In studying 1 John there is the question as to what is the “new commandment”. John writes, “On the other hand, I am writing a new commandment to you, which is true in Him and in you, because the darkness is passing away and the true Light is already shining.” 1 Jn 2:8
Here is my musing on the verses: “1 John 2:7,8 and the old and new commandment. John says the old commandment is the word they have heard. But the new commandment is not the old commandment, but is something new. This new commandment is true in Christ and in the disciples. Why is the new commandment true in the disciples? Because, he says, the darkness is passing away and the true light is already shining. See the first down arrow? The new commandment is true in the Christians because the light is shining and the darkness is fading.
The new commandment is a commandment that is true in Christ. It is a commandment that is true in the disciples. How is a commandment “true” in somebody? When something is “true in a person”, it means it is confirmed in them. As we have been reading in the preceding verses and will read in the proceeding verses, there’s the commandment and then there’s the confirmation of the commandment in the disciples. They said they believed in Jesus and loved Him which was confirmed or manifested in the way they lived and walked. The commandments of Christ were confirmed in them, was “true in them”, because they did the things commanded. Was the “new commandment” confirmed in Christ because He kept it? Whatever was the new commandment, it was confirmed in Jesus. He did keep the commandments of the Father and do all that the Father sent Him to do. So what is the new commandment that was true, confirmed, in Christ and in the disciples?
Again, the reason this new commandment is confirmed in them is because the darkness is passing away and the light is already shining. The “out of darkness into light” wording seems to be saying it’s the confirmation that the new commandment is true in them. The next verse is perhaps the clue to the new commandment. In the next verse he says a brother is still in darkness when he hates his brother. Get it? Hate your brother and the new commandment is not true in you and you are still in darkness. But verse 10 says that the one that loves his brother is no longer in darkness. So in conclusion, because the brothers are not in darkness because the new commandment is confirmed in them, the new commandment must be to love your brothers and sisters in Christ.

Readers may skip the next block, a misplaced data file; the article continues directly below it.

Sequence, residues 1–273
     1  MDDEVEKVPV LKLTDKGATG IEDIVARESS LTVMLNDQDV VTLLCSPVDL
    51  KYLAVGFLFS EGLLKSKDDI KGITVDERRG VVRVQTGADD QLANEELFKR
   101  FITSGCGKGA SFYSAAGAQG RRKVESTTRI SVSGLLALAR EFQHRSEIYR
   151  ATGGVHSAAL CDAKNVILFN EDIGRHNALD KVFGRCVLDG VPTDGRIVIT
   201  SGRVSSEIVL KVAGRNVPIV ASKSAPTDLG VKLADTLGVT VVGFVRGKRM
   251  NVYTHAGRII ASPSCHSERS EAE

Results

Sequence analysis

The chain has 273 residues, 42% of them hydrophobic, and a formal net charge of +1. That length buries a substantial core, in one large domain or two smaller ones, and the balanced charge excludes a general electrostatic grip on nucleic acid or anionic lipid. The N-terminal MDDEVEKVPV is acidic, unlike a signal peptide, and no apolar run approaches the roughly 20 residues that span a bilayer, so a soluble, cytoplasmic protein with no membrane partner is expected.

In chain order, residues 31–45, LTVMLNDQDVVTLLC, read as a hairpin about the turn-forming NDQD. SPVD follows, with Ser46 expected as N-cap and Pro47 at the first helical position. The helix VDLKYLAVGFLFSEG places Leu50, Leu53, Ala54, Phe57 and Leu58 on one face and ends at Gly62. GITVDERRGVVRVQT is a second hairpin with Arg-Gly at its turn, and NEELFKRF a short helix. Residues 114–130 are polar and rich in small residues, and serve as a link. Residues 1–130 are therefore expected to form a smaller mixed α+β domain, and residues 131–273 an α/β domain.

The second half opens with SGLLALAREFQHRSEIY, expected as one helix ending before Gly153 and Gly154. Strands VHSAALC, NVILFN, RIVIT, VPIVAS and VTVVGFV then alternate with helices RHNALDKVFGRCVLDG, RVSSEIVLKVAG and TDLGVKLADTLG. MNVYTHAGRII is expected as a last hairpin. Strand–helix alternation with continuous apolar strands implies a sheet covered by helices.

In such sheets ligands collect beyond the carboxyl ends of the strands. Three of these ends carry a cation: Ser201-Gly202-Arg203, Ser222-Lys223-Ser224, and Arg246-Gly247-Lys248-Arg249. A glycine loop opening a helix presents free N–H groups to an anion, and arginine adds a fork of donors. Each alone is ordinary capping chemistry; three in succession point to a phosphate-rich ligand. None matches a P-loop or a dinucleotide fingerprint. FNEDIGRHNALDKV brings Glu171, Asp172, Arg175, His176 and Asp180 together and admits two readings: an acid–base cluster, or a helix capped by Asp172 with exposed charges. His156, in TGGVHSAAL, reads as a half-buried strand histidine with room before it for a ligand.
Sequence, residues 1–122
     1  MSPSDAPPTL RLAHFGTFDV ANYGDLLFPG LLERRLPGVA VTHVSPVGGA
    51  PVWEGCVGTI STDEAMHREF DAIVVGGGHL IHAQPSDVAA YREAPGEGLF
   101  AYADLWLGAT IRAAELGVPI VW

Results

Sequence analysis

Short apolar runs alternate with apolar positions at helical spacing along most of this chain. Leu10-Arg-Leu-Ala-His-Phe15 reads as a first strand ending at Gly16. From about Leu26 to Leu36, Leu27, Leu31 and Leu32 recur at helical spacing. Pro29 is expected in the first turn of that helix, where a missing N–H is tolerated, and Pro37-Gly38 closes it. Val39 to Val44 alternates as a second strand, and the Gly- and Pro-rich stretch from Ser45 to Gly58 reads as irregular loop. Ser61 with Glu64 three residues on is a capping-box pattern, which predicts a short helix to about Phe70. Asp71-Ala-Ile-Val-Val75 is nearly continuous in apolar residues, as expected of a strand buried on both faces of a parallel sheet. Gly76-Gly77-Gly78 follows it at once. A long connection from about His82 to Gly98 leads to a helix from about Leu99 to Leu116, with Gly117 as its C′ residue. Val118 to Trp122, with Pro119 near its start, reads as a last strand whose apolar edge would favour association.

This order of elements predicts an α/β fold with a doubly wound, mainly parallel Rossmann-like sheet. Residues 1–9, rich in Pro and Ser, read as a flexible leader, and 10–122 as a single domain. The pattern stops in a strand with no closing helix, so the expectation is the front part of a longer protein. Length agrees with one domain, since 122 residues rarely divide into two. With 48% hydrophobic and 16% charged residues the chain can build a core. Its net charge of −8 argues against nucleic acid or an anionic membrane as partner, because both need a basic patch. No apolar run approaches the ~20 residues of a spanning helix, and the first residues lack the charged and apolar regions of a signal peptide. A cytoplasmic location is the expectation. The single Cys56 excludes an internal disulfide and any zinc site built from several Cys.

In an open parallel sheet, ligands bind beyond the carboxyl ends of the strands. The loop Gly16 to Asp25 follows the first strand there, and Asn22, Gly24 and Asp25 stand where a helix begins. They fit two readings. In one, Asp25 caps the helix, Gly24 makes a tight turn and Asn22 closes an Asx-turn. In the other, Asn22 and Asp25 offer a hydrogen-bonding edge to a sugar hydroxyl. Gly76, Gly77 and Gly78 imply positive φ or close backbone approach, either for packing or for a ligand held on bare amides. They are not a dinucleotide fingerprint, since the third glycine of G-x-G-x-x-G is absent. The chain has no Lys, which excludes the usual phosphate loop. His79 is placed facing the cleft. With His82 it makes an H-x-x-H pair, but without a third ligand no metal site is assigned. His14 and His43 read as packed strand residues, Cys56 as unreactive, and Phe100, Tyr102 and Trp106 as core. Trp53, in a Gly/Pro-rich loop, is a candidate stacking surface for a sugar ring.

“We know that we have passed out of death into life, because we love the brethren. He who does not love abides in death. Everyone who hates his brother is a murderer; and you know that no murderer has eternal life abiding in him. We know love by this, that He laid down His life for us; and we ought to lay down our lives for the brethren.” 1 John 3:14-16.
Do you have thoughts on what is the new commandment? Do you agree that it is to love the Brethren? Thank you. Dan Mayfield
Here are some comments from others:
From William Cline, the Denton Lectureship:
“1 John 2:7
“Beloved, no new commandment write I unto you, but an old commandment which ye had from the beginning: the old commandment is the word which ye heard.” The phrase, “from the beginning,” which relates to the commandment John was discussing, has been understood in various ways. Augustine and others supposed it to mean “from the beginning of creation” which assumed John to be teaching that the law of love was imprinted on the mind of man as God created him. Others have believed the phrase to mean “from the beginning of the law” and point to the commandment in Lev. 19:18. A third interpretation, perhaps the more likely one, is “from the beginning of your life as a Christian.” The readers of John’s letter had heard this commandment, in the oral teaching which they had received, when they first heard the teachings of the gospel and became obedient unto the faith.